Enter your mobile number or email address below and we'll send you a link to download the free Kindle App. Then you can start reading Kindle books on your smartphone, tablet, or computer - no Kindle device required.
To get the free app, enter your mobile phone number.
Lone Wolf RPG Hardcover – June 15, 2004
This month's Book With Buzz: "The Lying Game" by Ruth Ware
From the instant New York Times bestselling author of blockbuster thrillers "In a Dark, Dark Wood" and "The Woman in Cabin 10" comes Ruth Ware’s chilling new novel, "The Lying Game." See more
Customers who viewed this item also viewed
What other items do customers buy after viewing this item?
Browse award-winning titles. See more
Top customer reviews
The information. This book is a veritable gold mine of Lone Wolf history and setting. The whole book is worth it just for that.
The ease of combat. Combat is much easier to resolve than it is in D and D, without losing any of the excitement or diversity.
Character creation. Character creation has been simplified, still giving you tons of room to customize, but without making you fliip through hundreds of pages to see what stats a Half Dwarven Bard raised by humans would have.
True to the original world. This feels like Magnamund. Hell, it IS Magnamund. Fans of Lone Wolf must get this or feel forever cheated by Fate. Okay, maybe an exageration, but... I digress.
First and foremost, crappy index. For a book with as much information as this book has, it really needs a better way to find stuff quickly.
Clarity. Some rules haven't been clarified well at all, and GMs will find they have a lot of room for interpretation concerning magical combat. At the same time, some of the rules have been overdone, and make it clunky, especially item creation.
Balance. Some characters defenitely seem to have an advantage over others, and some classes are lacking in abilities that would really round them out. Many classes have glaring weaknesses to exploit, and some would have a really hard time in a small group.
Misinformation. Despite August Hahn's attention to detail, there are some things that are in contradiction with the gamebooks. Nothing glaring, mind you, and much of it is fine. Still, the fact that there are any inconsistencies had to be noted.
Lack of supplemental material. While there have been two excellent supplements released, it is unlikely that more will be released any time soon. However, there is a large fan base which occasionally puts out their own material, and thus there is a lot of player support for this product.
All in all, this is a must have for fans. Players of RPGs will also find the system interesting, as it has removed some of the more hated aspects of D and D without adding any complications. Beginner role players will be drawn in by the rich setting, but may be confused by some of the less clarified rules. To them I have this advice: just use what you think works best. One of the nice things about the Lone Wolf system is that it is easily adaptable.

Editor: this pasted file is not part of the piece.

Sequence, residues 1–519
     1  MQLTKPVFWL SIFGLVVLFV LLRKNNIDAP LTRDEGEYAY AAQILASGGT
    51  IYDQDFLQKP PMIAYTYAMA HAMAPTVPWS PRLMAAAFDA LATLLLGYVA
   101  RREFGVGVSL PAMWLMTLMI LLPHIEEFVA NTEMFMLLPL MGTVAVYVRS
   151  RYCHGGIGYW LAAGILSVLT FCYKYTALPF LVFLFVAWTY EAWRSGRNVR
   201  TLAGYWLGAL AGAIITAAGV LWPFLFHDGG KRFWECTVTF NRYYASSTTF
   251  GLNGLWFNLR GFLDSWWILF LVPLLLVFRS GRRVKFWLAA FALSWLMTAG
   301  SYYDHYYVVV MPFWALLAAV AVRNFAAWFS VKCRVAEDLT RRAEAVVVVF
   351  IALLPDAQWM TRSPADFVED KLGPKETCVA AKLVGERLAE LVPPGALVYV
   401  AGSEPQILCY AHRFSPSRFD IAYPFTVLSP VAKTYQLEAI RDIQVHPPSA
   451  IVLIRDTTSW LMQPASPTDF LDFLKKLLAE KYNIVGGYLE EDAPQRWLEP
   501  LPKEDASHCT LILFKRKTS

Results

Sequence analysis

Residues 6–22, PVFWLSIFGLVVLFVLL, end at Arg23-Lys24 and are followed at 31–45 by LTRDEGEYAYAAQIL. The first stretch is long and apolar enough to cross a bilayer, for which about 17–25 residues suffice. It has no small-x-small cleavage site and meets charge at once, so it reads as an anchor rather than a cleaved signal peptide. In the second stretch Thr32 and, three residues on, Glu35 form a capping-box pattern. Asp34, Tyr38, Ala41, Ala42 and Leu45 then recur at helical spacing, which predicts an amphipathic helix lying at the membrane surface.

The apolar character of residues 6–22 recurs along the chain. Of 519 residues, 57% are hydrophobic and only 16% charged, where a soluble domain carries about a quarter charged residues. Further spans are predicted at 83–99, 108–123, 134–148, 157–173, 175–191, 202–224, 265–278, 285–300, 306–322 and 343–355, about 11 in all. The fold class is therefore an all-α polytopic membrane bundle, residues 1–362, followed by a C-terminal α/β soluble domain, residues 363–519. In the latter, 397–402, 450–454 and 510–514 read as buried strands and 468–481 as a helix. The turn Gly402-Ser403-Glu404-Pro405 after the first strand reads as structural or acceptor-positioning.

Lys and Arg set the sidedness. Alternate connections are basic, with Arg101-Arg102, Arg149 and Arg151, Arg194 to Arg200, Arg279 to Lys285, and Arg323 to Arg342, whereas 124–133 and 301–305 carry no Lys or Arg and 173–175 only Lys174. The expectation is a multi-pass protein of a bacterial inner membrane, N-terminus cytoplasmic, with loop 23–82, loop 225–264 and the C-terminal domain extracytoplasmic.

If you are not familiar with Lone Wolf (or even if you are), go to [...] where the original books have been legally reprinted in html format and check them out. It's well worth it.
There are those within the RPG community who have waited for nearly 20 years for such an event. Wait no longer. August Hahn's adaptation of Joe Dever's original award winning series fully captures the essence of this dramatic world of Magnamund. Using the ever-popular d20 mechanic, August and his fellows at Mongoose stripped down the mechanics in efforts to make it more "friendly" towards first time players. d20 enthusiasts might be put off by a lack of old standards to the system such as Feats, Attacks of Opportunity, and specific spell lists. The lack of these elements dramatically decreases any slow-downs to game play, maximizing how much enjoyment is gotten from actual game play.
The book includes scaled-down and simplified combat (d20, of course), a complete Gazetteer of various nations and regions around Magnamund (which, as a whole is a very amazing accomplishment; the world of Magnamund is very expansive), a choice Bestiary of some of the more notorious fiends within the realms, and a beautiful full-color map in the back of the book: be warned - the map is attached by glue to the book itself and not easily removed. This feature does prevent loss of the map. However limiting it might be.
As for the lack of feats, after a close look at the core classes, one can easily see that bonuses similiar to those received from feats are built in and automatic at every level up.
There are few negative things to be said about the book: there is some substandard art, especially compaired to the original gamebooks by Mr. Dever. The core classes are limited to those of heroic stature - there are no rogue-like classes, no clerics, only regional-specifics and impressives like the Kai Lords, Magicians of Dessi, etc.
But for pure entertainment, this book has it in droves. It is, in my opinion, a great introduction to both Magnamund and d20 role-playing as well. Enjoy it as a Core d20 game (as it is intended) or as a world setting for your existing campaigns!